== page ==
UNICEF Iran supports the MoE in improving access and quality of education
This story was originally posted by UN Iran.
Ministry of Education Experts Build up Capacities on Life Skills Education and Child Friendly Schools
A team of Iran’s Ministry of Education officials including senior education planners and a number of school principals from Tehran and Alborz provinces went through a series of technical discussions and exchange of information on Life Skills Education and Child Friendly Schools led by education specialists from UNICEF’s Middle East and North Africa (MENA) regional office and the International Youth Foundation in a workshop jointly organized by Ministry of Education and UNICEF Iran Office from 21st to 24th August 2016 in Tehran.
The workshop on life skills education was inaugurated on 21st August with opening remarks by Vice Education Minister in International Affairs, Dr Babalou, Advisor to Deputy Minister of Education in Secondary School, Dr Hosseini and UNICEF Representative in Iran, Dr Will Parks.
In the opening ceremony, Dr Hosseini referred to the many challenges that mankind faces today including inequity, violence and unemployment and said:” hopefully through a proper education system and training children on life skills we can overcome these challenges. “
UNICEF Representative in Iran Dr Parks and Advisor to Deputy Minister of Education in Secondary School, Dr Hosseini spoke in the opening ceremony of workshops
In his remarks, Dr Parks highlighted the importance of life skills for young people especially in the crisis-stricken MENA region with a growing youth population and an alarmingly high unemployment rate. He described life skills as education that: “helps young people develop critical thinking and problem solving skills, builds their sense of personal worth and agency, and teaches them to interact with others constructively and effectively.”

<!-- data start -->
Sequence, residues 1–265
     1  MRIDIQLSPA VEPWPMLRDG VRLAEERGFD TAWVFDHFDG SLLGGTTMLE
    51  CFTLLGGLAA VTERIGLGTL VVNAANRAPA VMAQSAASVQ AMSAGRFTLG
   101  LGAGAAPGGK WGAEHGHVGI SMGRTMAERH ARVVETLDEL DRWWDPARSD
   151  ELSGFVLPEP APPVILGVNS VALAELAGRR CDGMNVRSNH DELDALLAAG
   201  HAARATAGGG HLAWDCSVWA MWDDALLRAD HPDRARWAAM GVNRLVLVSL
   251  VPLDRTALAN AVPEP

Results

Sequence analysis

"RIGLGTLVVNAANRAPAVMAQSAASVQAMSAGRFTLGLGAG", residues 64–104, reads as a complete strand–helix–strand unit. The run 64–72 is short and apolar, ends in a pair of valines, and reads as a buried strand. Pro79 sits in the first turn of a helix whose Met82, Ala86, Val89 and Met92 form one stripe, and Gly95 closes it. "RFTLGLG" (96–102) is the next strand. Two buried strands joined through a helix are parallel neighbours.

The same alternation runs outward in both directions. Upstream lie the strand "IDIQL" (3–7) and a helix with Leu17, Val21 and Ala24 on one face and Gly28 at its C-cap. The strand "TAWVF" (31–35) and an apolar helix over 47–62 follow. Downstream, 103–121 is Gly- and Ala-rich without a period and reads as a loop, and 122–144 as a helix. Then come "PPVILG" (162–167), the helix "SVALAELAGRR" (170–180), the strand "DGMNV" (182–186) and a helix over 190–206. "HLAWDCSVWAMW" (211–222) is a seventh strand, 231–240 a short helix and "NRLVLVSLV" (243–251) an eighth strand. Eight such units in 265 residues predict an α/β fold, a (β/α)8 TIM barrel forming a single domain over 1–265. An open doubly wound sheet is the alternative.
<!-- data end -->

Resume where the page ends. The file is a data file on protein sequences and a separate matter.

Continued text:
Dr Parks also emphasized the importance of the environment in which life skills learning takes place and said: “Life skills education is not a ‘silver bullet’. Whether formal or informal – life skills learning does not take place in a vacuum, and the ultimate expression of life skills learning – adaptive and positive behaviour – is greatly influenced by the environment in which individuals live, learn and act.”
In this training, participants were exposed to successful experiences from Iran and other countries in life skills education and discussed lessons learned and challenges in this area.
Facilitators coached a second workshop in the same week on Child Friendly Schools with a focus on monitoring and evaluation at school level. In the opening ceremony on 23rd August, senior Ministry of Education officials and the UNICEF Representative in Iran highlighted some of the vital components of Child Friendly schools and its importance in providing equitable access and quality education for all children.
In his speech, Dr Parks emphasized that the implementation of Child Friendly schools is in line with Sustainable Development Goal no.4 on Quality Education as it greatly contributes to building an inclusive and engaged learning environment where the child is fully involved in the learning process and efforts are made to include as many children as possible in the education system regardless of their socio-economic situation or learning abilities.
Dr Parks also referred to the principle of protective environment in child friendly schools and said: “As well as protecting children from physical danger and health risks, a child-friendly school pays special attention to children’s emotional, psychological and physical well-being, protecting them from verbal and emotional abuse and the trauma of sexual harassment, racial discrimination, ethnic prejudice or intrusiveness by teachers and peers. This is in line with Sustainable Development Goal no. 16 on peace, justice and strong Institution which includes prevention of child abuse.”
The workshop on Child Friendly Schools focused on ‘INSAF’ framework or ’equity’ in Arabic and Persian – a framework that strengthens the capacity of schools to monitor and manage equitable access and learning, based on two interconnected factors of school based action and school based monitoring and evaluation.
Senior education planners at the Ministry of Education and a number of school principals from Tehran and Alborz provinces attended the workshops